By Carroll Smith
Lagniappe (lan-yap) is a Louisiana French term that means “something extra” and often unexpected – in a good way. While assembling this issue of Rice Farming, I realized that I had been the recipient of lagniappe this month and wanted to share it with our readers.
The first instance appears in the cover story on pages 8, 9 and 12. Recently, I was in the Missouri Bootheel sitting in the farm office of Curtis, Jake and Don Worley, interviewing them for an article. About mid-way through our visit, my colleague, Melissa Waggoner, noticed some interesting photos hanging on the wall and asked the Worleys about them. It seems that Curtis and Jake not only are fans of competitive tractor pulling, but participants as well. They both compete in the “Hot Farm Tractor” class, and I got a good education about how the farm tractors are modified and what goes on at a competitive event. At the end of the day, I had my rice article as well as interesting information about tractor pulling – a little lagniappe.
Dr. Mo Way, who contributes to our Specialists Speaking column, also surprised me this month when he added a little lagniappe to his comments regarding disease control. He shares a very interesting story about what one of his professors did during the Texas entomologist’s first plant pathology course at UC Davis. Pretty amazing. Check it out on page 18.
My third lagniappe moment occurred during my interview with Dr. Lynn Kimsey, Director of the Bohart Museum of Entomology in Davis, Calif. Once again, as was the case with the Worleys, we had chatted for a couple of hours, and I had loads of good information for my article on entomology museums (page 16). Toward the end of our conversation, she recalled an experience she had with criminal forensic entomology.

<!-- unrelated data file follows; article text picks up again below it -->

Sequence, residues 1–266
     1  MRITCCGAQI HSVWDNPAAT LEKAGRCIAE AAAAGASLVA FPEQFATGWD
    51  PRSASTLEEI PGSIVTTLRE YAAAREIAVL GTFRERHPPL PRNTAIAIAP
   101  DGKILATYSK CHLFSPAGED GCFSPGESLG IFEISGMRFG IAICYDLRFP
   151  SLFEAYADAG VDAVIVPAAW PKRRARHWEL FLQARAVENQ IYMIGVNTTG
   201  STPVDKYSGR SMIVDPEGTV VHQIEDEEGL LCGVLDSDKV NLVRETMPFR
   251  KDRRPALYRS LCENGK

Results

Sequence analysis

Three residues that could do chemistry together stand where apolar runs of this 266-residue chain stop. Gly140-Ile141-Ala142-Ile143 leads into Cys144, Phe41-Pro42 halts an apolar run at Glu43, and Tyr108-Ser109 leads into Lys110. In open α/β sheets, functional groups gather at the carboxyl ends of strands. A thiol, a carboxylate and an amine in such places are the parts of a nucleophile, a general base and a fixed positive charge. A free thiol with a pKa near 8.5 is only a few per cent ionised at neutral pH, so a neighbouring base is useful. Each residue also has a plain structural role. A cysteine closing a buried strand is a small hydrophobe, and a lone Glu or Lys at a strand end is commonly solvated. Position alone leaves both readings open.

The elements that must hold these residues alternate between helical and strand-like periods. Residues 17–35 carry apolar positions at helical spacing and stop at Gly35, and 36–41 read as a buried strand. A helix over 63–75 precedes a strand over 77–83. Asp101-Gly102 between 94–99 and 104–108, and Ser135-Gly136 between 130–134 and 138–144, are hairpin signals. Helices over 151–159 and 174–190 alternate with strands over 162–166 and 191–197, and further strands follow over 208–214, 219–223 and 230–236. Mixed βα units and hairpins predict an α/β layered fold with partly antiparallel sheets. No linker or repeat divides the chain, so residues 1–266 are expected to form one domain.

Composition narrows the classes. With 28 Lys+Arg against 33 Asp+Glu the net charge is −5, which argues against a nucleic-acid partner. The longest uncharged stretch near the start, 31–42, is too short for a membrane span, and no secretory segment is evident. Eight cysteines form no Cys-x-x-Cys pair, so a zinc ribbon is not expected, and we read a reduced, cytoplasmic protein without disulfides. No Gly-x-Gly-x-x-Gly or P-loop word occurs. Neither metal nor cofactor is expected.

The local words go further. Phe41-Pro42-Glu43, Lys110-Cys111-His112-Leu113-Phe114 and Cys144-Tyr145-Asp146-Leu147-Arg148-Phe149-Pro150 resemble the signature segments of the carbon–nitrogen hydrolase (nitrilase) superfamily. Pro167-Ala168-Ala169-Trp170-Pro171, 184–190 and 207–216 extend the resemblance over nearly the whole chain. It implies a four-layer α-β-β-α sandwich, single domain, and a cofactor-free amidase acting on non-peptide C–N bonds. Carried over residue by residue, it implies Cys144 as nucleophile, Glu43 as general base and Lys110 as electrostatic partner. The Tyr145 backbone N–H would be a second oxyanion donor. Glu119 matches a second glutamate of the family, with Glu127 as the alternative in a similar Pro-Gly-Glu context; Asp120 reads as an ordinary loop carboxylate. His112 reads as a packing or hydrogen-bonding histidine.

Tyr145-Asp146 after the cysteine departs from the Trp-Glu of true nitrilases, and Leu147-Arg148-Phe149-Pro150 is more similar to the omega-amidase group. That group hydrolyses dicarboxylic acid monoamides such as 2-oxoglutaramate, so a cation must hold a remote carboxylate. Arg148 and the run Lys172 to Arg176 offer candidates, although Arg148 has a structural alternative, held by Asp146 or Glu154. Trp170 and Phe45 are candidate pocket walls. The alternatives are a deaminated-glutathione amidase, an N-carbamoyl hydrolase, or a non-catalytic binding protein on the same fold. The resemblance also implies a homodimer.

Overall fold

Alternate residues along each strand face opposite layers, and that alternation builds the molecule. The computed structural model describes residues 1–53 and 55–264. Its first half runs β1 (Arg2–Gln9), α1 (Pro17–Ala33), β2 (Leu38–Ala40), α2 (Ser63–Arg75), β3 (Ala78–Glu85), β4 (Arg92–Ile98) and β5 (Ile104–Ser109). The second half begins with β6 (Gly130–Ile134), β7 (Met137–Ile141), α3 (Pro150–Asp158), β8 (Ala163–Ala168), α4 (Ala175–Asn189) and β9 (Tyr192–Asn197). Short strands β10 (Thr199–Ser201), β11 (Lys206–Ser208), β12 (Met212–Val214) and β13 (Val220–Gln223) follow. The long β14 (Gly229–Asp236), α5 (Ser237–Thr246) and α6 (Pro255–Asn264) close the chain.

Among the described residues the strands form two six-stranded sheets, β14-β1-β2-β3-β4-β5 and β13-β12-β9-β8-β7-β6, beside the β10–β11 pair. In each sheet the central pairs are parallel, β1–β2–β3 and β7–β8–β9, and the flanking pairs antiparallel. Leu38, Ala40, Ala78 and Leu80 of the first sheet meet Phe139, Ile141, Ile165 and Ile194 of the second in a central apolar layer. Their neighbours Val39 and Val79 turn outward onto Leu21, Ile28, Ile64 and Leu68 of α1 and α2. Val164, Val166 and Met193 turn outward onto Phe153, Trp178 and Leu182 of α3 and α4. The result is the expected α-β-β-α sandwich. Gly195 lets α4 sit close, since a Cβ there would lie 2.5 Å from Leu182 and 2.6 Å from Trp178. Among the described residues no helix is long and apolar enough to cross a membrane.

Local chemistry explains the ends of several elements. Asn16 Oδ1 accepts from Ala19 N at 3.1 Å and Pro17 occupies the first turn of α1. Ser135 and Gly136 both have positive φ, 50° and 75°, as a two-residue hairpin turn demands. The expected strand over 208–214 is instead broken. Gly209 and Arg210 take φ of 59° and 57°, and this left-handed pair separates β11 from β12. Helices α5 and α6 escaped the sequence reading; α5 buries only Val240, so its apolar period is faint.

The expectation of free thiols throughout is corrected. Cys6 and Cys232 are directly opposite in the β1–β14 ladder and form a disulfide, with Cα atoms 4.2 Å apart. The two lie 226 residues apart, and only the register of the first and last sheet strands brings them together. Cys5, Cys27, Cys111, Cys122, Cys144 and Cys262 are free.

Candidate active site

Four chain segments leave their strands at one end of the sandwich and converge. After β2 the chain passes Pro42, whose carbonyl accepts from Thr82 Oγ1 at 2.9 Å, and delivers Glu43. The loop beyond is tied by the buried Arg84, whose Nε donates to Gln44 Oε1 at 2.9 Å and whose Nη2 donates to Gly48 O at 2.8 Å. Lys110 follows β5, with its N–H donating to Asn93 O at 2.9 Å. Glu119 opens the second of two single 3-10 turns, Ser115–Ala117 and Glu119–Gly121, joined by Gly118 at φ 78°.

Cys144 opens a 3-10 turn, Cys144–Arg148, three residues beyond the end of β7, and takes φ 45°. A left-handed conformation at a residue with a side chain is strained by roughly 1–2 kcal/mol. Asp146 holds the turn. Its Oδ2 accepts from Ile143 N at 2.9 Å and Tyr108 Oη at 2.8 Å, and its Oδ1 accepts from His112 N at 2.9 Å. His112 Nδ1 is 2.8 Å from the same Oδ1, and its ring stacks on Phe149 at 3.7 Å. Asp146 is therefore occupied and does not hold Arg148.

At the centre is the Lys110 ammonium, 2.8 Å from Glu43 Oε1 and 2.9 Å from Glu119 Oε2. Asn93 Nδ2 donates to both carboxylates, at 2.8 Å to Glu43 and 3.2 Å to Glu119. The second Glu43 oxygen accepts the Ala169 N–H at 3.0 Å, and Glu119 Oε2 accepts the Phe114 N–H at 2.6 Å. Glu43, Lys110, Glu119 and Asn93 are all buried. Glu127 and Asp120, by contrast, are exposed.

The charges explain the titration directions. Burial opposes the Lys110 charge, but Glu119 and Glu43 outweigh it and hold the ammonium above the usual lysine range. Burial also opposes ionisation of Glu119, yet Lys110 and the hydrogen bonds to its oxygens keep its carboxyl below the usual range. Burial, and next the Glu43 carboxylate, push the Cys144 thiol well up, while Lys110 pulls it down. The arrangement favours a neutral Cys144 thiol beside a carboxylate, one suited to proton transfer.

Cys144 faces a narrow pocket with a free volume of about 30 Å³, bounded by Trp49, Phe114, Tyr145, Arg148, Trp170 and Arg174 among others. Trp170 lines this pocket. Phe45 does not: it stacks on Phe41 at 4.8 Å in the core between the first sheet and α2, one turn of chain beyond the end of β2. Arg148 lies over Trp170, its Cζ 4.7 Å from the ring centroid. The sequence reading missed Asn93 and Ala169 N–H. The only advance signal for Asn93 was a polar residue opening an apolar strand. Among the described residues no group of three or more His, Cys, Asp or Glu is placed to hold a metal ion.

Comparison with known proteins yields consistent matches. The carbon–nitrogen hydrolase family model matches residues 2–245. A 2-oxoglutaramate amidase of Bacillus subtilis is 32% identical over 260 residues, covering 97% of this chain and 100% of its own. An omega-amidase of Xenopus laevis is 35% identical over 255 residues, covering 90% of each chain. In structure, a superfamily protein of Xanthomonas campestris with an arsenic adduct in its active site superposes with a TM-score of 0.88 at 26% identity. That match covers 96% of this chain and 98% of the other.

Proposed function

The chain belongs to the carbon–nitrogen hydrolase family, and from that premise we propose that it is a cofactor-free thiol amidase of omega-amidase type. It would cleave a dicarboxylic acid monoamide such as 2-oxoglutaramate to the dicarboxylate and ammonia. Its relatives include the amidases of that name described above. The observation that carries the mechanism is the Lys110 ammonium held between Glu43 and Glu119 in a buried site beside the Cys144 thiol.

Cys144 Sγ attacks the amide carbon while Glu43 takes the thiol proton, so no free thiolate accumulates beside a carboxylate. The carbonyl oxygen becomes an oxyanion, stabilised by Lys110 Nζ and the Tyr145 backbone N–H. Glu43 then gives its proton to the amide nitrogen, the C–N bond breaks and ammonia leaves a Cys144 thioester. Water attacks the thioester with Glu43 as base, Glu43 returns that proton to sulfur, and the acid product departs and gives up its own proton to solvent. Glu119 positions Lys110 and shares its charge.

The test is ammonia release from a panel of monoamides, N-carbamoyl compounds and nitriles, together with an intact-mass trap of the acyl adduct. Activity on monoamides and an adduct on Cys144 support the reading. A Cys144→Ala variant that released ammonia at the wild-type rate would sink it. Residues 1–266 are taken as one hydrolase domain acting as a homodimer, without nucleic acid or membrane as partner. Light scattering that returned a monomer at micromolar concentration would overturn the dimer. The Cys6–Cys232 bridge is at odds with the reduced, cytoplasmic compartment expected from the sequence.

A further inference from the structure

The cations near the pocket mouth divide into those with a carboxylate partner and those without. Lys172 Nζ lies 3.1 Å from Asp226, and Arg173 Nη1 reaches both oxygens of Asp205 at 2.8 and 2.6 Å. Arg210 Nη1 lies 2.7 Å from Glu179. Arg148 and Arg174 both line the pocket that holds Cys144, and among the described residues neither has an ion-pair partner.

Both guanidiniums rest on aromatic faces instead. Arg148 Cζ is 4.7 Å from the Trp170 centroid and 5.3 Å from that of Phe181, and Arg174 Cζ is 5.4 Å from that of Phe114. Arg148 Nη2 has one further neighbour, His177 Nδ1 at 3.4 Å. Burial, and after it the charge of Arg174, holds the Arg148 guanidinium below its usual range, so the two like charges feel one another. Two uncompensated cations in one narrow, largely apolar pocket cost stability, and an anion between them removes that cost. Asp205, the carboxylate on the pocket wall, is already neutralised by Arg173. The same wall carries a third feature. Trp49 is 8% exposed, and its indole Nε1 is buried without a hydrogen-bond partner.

“Years ago, the museum got called into a homicide case in southern California,” Kimsey says. “It was a fairly infamous murder trial. The guy lived in Bakersfield, flew to Ohio to visit his brother, rented a car, drove all the way back, killed his entire family, then drove back to Ohio to give himself an alibi. However, law enforcement working the case found the Ohio rental car the man had driven. It was new and had been rented by four people, three of whom they knew only drove it around town. So they pulled the radiator and brought it to us at the museum and asked if we could tell whether the car had left the Midwest or not. Well, as it turns out, we could because of the insects that were present. It was pretty much the defining moment in the case. We just punctured a hole in his claim that he never left the Midwest. We definitively put him west of the Rockies. In fact, we put him in California. So we can do all kinds of things with insects.”
Although Dr. Kimsey’s recollection wasn’t quite a fit for a rice insect pest article, it was a little something extra – a little lagniappe – that I thought you might find interesting about her occupation.
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